“Computer games could help in treating older people with depression who haven’t been helped by antidepressant drugs or other treatments for the disorder…In a study of 11 older patients, researchers found playing certain computer games was just as effective at reducing symptoms of depression as [Read more…] about To treat depression, we will likely combine neuroplasticity-based brain training games with antidepressants
The use of a variety of brain training interventions is growing in the area of mental health. Emerging evidence suggests that in the near future targeted brain training may even be used to prevent substance abuse. For example, training working memory may reduce substance abusers’ discounting of long-term rewards and punishments — such discounting is one of the reasons why people susceptible to addictions do not benefit from traditional informational/ educational approaches to drug prevention.
Let’s explore some expanding applications of brain training, and much more, in this latest edition of the monthly SharpBrains eNewsletter.
Brain Training and Mental Health
ADHD: Brain Training, Neurofeedback, Diet, and More: What can be done to fight ADHD and improve the lives of people suffering from it?
Neuroplasticity in the Brain of Children with Neurological Disorders: Brain training may be an option for children suffering from Tourette Syndrom to help reduce the symptoms.
Brain Training and Schizophrenia: Social cognitive training programs can boost schizophrenics’ skills social skills.
Rethinking the Classification of Mental Illness: How can we rethink the classification of psychopathology (via the new DSM‑5) to reflect our current understanding of the brain as a dynamic system?
Upcoming events: Cognitive Remediation in Psychiatry (June 10th, NYC), Entertainment Software and Cognitive Neurotherapeutics Society (September 19–20, San Francisco).
Lifestyle for Brain Health
More Friends, Bigger Brain: The number of friends you have could be predicted by the size of our amygdala!
Exercise and Overweight Children: Aerobic exercise can boost overweight children executive functions.
The Brain Grows With Practice…: We know that when the brain masters a new skill, targeted brain areas/ circuits get enlarged. We now know that those areas and circuits eventually shrink back to normal, but performance gain can be maintained!
Food for Thought
What is Brain Fitness? What are Emerging Opportunities to Retool Brain Health? Here are the answers by seven 2011 SharpBrains Summit Speakers.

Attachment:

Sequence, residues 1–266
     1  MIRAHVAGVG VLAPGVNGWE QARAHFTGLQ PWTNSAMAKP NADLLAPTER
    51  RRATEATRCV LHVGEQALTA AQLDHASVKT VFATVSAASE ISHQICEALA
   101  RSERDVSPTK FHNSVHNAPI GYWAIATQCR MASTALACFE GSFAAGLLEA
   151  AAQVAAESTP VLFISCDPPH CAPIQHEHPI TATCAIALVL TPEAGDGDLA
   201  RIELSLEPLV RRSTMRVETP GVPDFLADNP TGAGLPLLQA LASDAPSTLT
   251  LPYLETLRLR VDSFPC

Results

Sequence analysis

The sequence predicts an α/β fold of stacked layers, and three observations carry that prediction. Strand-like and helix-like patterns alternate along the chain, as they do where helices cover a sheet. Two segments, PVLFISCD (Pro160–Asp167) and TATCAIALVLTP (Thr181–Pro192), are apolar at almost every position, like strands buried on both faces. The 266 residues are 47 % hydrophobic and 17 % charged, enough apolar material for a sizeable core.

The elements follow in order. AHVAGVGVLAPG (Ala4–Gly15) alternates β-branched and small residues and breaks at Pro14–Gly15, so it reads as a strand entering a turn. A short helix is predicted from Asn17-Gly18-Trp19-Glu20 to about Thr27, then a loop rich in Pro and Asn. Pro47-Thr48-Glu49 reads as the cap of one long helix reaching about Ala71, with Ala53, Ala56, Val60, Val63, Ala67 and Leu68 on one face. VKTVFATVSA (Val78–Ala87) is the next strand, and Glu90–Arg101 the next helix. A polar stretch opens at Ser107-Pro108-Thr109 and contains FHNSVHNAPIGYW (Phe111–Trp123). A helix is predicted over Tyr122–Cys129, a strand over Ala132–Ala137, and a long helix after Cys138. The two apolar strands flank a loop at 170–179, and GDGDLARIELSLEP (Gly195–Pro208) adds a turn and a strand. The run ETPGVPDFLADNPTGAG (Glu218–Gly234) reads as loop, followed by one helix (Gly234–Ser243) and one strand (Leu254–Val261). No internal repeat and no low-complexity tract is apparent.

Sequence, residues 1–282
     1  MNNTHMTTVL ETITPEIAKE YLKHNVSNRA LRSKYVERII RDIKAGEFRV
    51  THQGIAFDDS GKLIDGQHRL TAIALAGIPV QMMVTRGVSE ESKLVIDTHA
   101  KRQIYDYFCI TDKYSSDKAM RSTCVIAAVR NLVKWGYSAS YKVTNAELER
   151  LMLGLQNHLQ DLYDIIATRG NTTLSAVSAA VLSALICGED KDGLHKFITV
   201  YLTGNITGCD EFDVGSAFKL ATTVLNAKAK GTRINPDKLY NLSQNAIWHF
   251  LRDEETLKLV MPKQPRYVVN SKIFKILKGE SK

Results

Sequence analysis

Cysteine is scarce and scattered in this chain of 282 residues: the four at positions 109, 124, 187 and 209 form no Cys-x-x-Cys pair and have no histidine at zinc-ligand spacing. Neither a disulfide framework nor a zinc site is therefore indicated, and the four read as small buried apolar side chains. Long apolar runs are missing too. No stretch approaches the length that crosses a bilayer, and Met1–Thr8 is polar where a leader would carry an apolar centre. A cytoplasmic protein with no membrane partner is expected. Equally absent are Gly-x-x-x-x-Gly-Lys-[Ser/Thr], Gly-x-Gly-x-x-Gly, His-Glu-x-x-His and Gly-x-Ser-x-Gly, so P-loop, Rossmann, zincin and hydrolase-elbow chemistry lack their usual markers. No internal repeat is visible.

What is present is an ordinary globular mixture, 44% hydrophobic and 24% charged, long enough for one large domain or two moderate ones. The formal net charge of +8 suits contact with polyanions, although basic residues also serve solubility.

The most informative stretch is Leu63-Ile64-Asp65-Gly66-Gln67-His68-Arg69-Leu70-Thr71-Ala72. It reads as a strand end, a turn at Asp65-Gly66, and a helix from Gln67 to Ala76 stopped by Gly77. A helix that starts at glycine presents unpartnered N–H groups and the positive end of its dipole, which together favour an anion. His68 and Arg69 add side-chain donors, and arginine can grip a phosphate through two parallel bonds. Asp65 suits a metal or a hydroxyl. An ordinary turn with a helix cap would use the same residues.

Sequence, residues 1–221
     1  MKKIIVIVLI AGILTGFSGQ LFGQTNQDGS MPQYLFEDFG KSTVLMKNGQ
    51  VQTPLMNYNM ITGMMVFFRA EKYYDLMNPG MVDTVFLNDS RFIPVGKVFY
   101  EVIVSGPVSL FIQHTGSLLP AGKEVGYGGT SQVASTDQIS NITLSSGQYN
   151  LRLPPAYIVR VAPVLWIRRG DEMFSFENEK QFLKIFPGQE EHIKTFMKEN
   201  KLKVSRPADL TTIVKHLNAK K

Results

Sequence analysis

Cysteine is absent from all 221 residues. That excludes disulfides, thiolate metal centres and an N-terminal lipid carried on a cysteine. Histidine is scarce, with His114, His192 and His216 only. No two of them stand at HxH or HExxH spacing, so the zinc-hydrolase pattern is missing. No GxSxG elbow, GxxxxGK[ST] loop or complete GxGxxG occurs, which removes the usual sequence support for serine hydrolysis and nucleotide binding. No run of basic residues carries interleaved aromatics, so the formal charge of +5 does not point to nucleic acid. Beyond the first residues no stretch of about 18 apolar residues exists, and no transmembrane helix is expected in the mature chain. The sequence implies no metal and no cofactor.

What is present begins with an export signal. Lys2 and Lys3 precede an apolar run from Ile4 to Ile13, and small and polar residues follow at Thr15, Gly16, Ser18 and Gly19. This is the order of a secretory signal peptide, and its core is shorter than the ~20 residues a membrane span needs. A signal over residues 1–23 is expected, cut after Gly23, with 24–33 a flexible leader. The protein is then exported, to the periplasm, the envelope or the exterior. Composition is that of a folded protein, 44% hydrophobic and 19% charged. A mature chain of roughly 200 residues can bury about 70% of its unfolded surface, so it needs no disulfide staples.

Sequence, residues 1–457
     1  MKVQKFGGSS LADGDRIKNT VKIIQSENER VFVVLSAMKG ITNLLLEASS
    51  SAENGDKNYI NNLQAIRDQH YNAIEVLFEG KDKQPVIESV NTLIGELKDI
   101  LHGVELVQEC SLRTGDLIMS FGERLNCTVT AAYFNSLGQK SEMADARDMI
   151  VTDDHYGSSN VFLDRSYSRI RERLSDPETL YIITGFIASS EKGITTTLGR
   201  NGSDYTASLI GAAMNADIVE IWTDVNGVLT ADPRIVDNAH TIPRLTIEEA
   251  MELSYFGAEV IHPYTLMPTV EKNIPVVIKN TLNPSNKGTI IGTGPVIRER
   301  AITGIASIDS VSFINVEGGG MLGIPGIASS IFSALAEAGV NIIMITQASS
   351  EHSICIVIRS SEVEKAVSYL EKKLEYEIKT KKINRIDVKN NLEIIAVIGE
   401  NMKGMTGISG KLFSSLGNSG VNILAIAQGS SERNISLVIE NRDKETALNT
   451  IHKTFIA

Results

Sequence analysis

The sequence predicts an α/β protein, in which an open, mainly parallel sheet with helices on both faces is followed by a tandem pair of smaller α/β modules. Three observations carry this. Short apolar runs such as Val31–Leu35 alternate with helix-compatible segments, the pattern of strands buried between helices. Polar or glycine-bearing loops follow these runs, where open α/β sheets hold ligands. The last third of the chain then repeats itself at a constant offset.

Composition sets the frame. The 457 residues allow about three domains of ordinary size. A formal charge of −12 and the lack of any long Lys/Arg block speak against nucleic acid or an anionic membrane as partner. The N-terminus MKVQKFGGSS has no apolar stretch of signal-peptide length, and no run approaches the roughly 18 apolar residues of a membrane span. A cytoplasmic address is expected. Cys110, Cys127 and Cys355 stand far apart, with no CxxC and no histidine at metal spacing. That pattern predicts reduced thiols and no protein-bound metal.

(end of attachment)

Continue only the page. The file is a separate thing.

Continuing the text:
Navigate through the 30 most popular articles of last year in SharpBrains.com to learn more about the brain and how to maintain/ enhance brain functioning across the lifespan..
Can you listen to these laughs and distinguish whether it is a human or a computer laughing? Also, given how good laughing is…how about trying this to find out how much stressed you are? You may be surprised.
As announced by the NIMH a few months ago, schizophrenia can now be considered as a brain disorder. Research is focusing on the cognitive deficits as the main problem of the disorder, probably preceding and perhaps leading to the symptoms of hallucinations and delusions.
A recent article in the Psychiatric Times reviews the different cognitive remediation techniques used with people suffering from schizophrenia. This is of interest to anybody working on mental health. Indeed, as Sophia Vinogradov, Interim Vice Chair Psychiatry at UCSF will discuss during the SharpBrains Summit (next week!) schizophrenia is leading the way in understanding how to identify and address brain-based cognitive deficits associated with the disorder.
…most [Cognitive Remediation (CR) programs] are now computerized. Some programs use a mix of general educational software, but many train participants with specialized computer software designed to improve cognition.
Most CR programs aim to improve the cognitive domains usually associated with deficits in schizophrenia—for instance verbal and visual working memory, executive function, attention, and processing speed.
CR has been demonstrated to improve overall (global) cognition as well as specific domains, including attention, executive function, working memory, verbal learning and memory, processing speed, and affect recognition.
Did you read The Brain That Changes Itself: Stories of Personal Triumph from the Frontiers of Brain Science, the great book on neuroplasticity by Norman Doidge? If so, you will have heard about the Arrowsmith School/ Program, which was also one of the Top Ten Finalists in 2010 Brain Fitness Innovation Awards. The following is an excerpt from Brain School: Stories of children with learning disabilities and attention disorders who changed their lives by improving their cognitive functioning (November 2010; $22), a new book from Eaton Arrowsmith School’s (EAS) founder and director, Howard Eaton. It tells the story of how children with learning disabilities (dyslexia, ADHD, etc.) can overcome educational obstacles by reorganizing their brains. An inspiring book about how cognitive programs can result in both academic and social success. [Read more…] about Using Brain Plasticity to help Children with Learning Disabilities